I am not against AVRs/Pre-pro's. If you look back in this thread I already mentioned I am considering a good AVR when the time comes to upgrade simply because the advances made in that space seemed to have outweighed what has happened in the PC space and the room correction for all sources is something I think will become very noticeable to me over and above absolute sound quality. However I do understand the reasons someone might want to go with the PC direct to power amp route as it is still something I would consider if all the pieces of the puzzle fall into place.
post #41 of 108
Quote:
Originally Posted by comomolo View Post

Thanks hdkhang.
My last concern, actually, is if there's anything between the Asus/Omega cards (around $200-$250) and the Lynx/RME ($1000 and above) cards. I checked M-Audio's site and there seems to be no current option for a six channel output card, although their site is huge and maybe I got lost there.
Is there anything in the middle of those two ends?
(I must say, I'm almost settled on the Asus solution, for price reasons, but it's alwasy nice to have a broader picture.)

I think I may have mentioned this before but the other one I know if are the E-MU 1616 cards. I run a E-MU 1212m in 2 channel HTPC and the sound quality is very nice.

The 1616 costs more because of the output box and so I would still tend towards the ASUS cards, their sound quality is already very good and unless doing a blind listening session to verify which is better (since I don't know and have not seen many comparisons), the additional trouble of using the E-MU card might not be worth it (tricky drivers but very powerful once you know how). Worse comes to worse, offloading the Asus card should not be hard if you decide to try something else. If I had some time on my hands I'd like to try the E-mu 1616m and in conjunction with proper measurement tools, can add filters to each channel to do a basic room calibration.
post #42 of 108
Thread Starter 
@captain_video: the whole problem comes with your "high horse" attitude despising PCs and PC cards as proper audio components. That's a very common attitude among old school enthusiasts and I'm honestly sick and tired of it. You also suggested I was poor at searching by pointing to a thread that was newer than mine. And finally you provided Google links to places such as Cnet, which I would never trust for audio reviews (neither would you). You simply destroyed any resemblance of reputation with these moves. After all that I wouldn't even try to read what you posted. Thanks anyway for the useful bits of info I have got from your posts.

@hdkhang: thanks for the E-MU suggestion. That looks very interesting.


Proper calibration and equalization is essential to any setup and of course can (and IMO should) be done inside the PC. That's one of the many advantages of using a powerful digital system. Not only CPUs but now also GPUs can do calculations that may serve to improve audio quality. That's a field I'm researching now.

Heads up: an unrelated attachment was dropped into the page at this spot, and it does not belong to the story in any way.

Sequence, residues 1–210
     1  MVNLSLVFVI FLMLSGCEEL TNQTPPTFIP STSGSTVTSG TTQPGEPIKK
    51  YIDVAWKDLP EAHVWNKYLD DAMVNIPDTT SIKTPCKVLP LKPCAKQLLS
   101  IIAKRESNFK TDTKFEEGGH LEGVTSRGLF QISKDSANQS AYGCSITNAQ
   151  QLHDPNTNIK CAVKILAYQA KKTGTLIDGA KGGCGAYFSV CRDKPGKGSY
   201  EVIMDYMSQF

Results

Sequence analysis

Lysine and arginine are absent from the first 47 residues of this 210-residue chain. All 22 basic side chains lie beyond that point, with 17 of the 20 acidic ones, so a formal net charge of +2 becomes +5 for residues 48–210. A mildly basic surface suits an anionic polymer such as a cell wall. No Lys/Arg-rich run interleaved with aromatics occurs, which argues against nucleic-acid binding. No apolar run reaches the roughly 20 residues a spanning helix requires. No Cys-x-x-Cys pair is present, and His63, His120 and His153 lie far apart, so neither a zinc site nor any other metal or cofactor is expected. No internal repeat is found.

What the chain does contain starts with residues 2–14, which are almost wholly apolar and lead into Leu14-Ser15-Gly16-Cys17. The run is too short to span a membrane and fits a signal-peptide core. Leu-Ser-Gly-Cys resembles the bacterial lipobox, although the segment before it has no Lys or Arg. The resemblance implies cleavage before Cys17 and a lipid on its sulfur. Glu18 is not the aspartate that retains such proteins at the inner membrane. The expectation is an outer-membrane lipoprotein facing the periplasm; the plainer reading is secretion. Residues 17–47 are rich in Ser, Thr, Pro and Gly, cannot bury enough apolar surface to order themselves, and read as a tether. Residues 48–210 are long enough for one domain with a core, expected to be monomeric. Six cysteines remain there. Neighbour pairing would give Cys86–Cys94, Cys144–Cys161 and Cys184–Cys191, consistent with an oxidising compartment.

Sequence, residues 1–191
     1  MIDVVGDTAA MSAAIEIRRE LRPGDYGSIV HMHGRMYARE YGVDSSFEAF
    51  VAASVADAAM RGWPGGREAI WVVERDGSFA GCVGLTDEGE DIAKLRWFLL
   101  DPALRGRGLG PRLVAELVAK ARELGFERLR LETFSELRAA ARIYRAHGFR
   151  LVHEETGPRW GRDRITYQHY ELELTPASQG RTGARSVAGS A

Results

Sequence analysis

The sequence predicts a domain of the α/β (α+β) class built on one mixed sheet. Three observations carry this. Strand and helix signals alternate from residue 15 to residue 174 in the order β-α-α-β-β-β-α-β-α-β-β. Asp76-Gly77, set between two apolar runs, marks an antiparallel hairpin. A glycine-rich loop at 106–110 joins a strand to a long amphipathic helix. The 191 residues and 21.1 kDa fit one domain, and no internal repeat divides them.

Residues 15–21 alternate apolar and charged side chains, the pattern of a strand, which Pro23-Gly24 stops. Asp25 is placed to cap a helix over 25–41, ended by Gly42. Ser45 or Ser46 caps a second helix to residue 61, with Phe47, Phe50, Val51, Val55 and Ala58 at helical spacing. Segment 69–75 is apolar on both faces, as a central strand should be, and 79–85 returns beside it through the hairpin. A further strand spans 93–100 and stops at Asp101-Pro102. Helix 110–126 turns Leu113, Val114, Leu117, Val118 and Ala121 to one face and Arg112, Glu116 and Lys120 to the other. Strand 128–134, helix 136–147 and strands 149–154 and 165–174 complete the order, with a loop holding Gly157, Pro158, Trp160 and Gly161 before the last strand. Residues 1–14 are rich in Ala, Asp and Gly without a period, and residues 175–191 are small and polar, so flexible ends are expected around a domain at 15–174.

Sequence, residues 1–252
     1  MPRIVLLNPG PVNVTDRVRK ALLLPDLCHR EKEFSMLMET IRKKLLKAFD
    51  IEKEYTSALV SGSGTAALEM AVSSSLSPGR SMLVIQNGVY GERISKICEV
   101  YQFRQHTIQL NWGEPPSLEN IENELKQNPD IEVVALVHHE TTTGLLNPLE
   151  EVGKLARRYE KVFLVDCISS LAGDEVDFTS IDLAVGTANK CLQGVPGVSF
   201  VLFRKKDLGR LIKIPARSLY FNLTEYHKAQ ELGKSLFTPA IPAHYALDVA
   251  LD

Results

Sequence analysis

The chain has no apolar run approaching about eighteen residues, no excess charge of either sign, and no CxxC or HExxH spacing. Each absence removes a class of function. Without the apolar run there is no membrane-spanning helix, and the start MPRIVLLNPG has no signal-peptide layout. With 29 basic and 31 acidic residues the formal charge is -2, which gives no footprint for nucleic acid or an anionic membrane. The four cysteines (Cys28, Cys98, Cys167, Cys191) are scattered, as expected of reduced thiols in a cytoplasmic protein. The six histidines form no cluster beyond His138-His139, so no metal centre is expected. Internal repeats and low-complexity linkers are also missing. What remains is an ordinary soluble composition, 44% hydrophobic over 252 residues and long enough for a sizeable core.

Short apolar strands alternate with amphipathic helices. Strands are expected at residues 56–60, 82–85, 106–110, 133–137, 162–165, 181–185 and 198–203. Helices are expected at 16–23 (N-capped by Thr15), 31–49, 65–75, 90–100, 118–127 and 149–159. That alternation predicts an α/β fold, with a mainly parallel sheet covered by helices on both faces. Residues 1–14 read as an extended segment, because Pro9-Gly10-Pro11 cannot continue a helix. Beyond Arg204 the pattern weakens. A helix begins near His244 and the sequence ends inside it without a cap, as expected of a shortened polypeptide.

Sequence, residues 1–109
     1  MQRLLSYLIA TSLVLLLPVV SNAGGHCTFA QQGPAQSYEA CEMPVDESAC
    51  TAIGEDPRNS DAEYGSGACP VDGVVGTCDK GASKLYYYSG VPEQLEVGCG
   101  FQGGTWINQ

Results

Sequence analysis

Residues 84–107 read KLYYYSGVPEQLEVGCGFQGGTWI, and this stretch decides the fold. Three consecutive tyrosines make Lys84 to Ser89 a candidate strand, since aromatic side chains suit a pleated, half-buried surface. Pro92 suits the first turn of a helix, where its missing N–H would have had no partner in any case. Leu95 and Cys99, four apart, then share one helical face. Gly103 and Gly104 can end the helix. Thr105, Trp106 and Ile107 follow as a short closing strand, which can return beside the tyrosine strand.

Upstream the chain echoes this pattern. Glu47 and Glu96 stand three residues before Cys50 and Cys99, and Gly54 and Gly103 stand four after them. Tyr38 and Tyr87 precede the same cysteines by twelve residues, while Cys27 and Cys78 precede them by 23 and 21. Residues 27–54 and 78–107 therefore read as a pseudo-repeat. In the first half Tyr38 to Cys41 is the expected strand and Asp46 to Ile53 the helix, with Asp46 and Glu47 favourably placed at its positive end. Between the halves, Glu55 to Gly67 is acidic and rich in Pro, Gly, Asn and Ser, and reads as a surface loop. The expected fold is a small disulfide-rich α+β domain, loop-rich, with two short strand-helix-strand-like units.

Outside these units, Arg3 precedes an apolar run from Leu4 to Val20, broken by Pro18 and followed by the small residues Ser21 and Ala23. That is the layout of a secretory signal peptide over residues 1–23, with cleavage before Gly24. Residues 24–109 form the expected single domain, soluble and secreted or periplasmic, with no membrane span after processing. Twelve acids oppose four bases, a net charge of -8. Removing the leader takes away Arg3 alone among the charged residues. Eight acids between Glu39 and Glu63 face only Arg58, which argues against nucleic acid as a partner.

post #43 of 108
The link to cnet was merely to provide a list of sound cards that are currently available and not so much for the reviews. I also would never use cnet as a source for audio reviews, but it was only meant to be a starting point since you were asking what was available. I didn't have time to run a complete search and just posted the first few pertinent links that popped up. I believe the list of cards it presented covered just about every card that's been mentioned here and in the other current thread.

My "high horse" attitude comes as a result of decades of exposure to high end audio equipment and 35 years of working in the electronics industry. Take whatever I say any way you want, just stop being a dick about it. Your attitude about the links I posted just shows the pot calling the kettle black.

As for the link to the other thread, which I see you are now participating in, it was available at the time you indicated you couldn't find any other threads, regardless of when it was initiated. Apparently you gave up looking too soon. Like I said, threads like this show up on a regular basis in this forum. There are at dozens of similar threads that have been posted over the past 2 years if you simply looked a little harder. Your question has been asked and answered many times before.

FYI - I made a comment about input and output impedance values of audio equipment in a previous post and you asked me to cite sources. Take a look at the specs on any piece of audio equipment you own and it lists the impedance, sensitivity (input,) and output level values for line level connections. Unfortunately, this data tends to be lacking when dealing with audio sound cards for a PC, which is why I brought it up. Input impedance values for a power amp are typically in the range of 10 times higher than the output of a preamp or other component. It's rare that two audio components will have the same output impedance and signal levels since circuit designs vary so widely. It's the reason why different components can have different volume levels when you switch inputs on the preamp. Line level connections tend to fall within a range of impedance values and don't have one set value for all audio components.